How did you first get into the information and library profession? I decided that I wanted to work in a library from about the age of 8. I have really fond memories of using public libraries in Leeds with my mum from a young age. As a teenager I had a Leeds Card from the local council which enabled me to take out up to around 6 CDs a week free of charge. It was amazing! I practically worked my way through the entire cd section of Leeds Music Library. This was before I had access to the internet and I think it’s the principal reason why I got really into music at quite a young age.
It was my Grandma who initially encouraged me to apply for my first Library Assistant position which was in a Leeds public library. I consider myself very lucky as I managed to persuade the people interviewing me that my recent experience at that time in a video rental store contained applicable transferable skills such as joining new members, arranging displays, collection management, customer service and storing and locating items based on a numerical Index. I thought that it was a long shot but to my amazement it worked! The staff I worked with were fantastic and incredibly knowledgeable and I learned a great deal there and I’ve never looked back.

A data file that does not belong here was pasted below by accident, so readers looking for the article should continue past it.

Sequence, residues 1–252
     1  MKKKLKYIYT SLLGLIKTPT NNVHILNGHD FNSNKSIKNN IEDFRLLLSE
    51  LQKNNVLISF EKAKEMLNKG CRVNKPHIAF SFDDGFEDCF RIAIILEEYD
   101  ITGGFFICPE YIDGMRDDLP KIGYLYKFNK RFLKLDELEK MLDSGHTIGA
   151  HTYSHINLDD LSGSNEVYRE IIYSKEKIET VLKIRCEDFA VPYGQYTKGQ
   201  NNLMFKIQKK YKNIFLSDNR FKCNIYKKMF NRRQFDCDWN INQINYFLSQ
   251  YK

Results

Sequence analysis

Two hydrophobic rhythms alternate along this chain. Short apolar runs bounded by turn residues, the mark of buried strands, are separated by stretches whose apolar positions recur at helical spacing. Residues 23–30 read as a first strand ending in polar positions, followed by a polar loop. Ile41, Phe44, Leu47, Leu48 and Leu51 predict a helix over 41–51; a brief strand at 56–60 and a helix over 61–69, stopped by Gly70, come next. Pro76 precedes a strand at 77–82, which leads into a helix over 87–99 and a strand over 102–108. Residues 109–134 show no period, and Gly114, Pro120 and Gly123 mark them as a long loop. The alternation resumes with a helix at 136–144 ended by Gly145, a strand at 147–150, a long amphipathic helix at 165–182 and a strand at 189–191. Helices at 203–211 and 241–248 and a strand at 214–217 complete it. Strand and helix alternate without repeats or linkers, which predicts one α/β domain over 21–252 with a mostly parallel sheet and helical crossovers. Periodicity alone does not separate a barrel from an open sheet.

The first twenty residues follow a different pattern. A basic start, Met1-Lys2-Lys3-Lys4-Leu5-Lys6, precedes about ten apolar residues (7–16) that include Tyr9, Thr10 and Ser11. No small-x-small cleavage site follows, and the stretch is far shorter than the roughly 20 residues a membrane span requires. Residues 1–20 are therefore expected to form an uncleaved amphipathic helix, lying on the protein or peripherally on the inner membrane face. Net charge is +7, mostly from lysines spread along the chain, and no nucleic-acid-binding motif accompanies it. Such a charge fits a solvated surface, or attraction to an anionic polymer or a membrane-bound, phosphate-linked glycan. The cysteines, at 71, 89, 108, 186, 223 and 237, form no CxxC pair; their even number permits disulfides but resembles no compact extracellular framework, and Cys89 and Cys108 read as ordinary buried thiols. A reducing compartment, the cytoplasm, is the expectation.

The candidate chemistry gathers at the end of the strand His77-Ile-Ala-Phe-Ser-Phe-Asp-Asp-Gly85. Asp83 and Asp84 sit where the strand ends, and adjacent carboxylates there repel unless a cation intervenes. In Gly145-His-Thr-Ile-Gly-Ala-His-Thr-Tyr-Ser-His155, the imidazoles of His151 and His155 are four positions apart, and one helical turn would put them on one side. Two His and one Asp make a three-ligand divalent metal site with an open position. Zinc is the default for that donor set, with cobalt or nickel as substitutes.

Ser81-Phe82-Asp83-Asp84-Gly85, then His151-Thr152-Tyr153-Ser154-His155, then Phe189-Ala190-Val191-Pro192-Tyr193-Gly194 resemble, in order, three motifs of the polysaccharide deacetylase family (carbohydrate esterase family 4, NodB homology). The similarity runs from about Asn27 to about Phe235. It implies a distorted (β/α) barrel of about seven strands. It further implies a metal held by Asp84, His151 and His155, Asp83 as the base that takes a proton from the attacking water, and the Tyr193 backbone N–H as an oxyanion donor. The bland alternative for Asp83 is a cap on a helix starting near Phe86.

What qualifications did you take? I was studying for my undergraduate degree in Sociology at the University of Leeds when I first started working in public libraries (which was extremely useful for ordering books for my course!). I realised immediately that I wanted to pursue a career in libraries and applied as soon as possible to undertake a full time Master’s degree in Information Studies at Leeds Metropolitan University. I chose Leeds to ensure that I combine work with studying. It was useful to go straight into doing my Master’s degree upon completion of my undergraduate degree without a gap as I was still in the routine of doing academic work and juggling work. However, I found the shift from writing essays to writing reports very challenging in the first instance as it was so different from the style in which I was used to writing for my Undergraduate degree. I am currently undertaking my CILIP Chartership which I am really enjoying as it has enabled me to develop further knowledge of the sector as whole.
What is your current job title? My current job title is Information Specialist within the Social Care Institute for Excellence (SCIE) and the NICE Collaborating Centre for Social Care (NCCSC). SCIE works in partnership with a number of other research organisations to host the NCCSC which produces social care Guidelines for the National Institute for Health Care Excellence (NICE).
I have been in the post since September 2013. Prior to this role I have worked in a number of Information Specialist positions in health care settings upon the completion of my Master’s degree. My career thus far has enabled me to develop a keen interest in evidence-based practice and knowledge transfer. Social care has a vast and quite often enduring impact on people’s lives and I was very interested in the application of evidence-based methods for social care research products and services.
What does your job involve? My job involves developing, running and managing the results of systematic search strategies; responding to research and information enquiries and document supply requests for Social Care Guidelines for the NCCSC, SCIE products and bespoke consultancy work.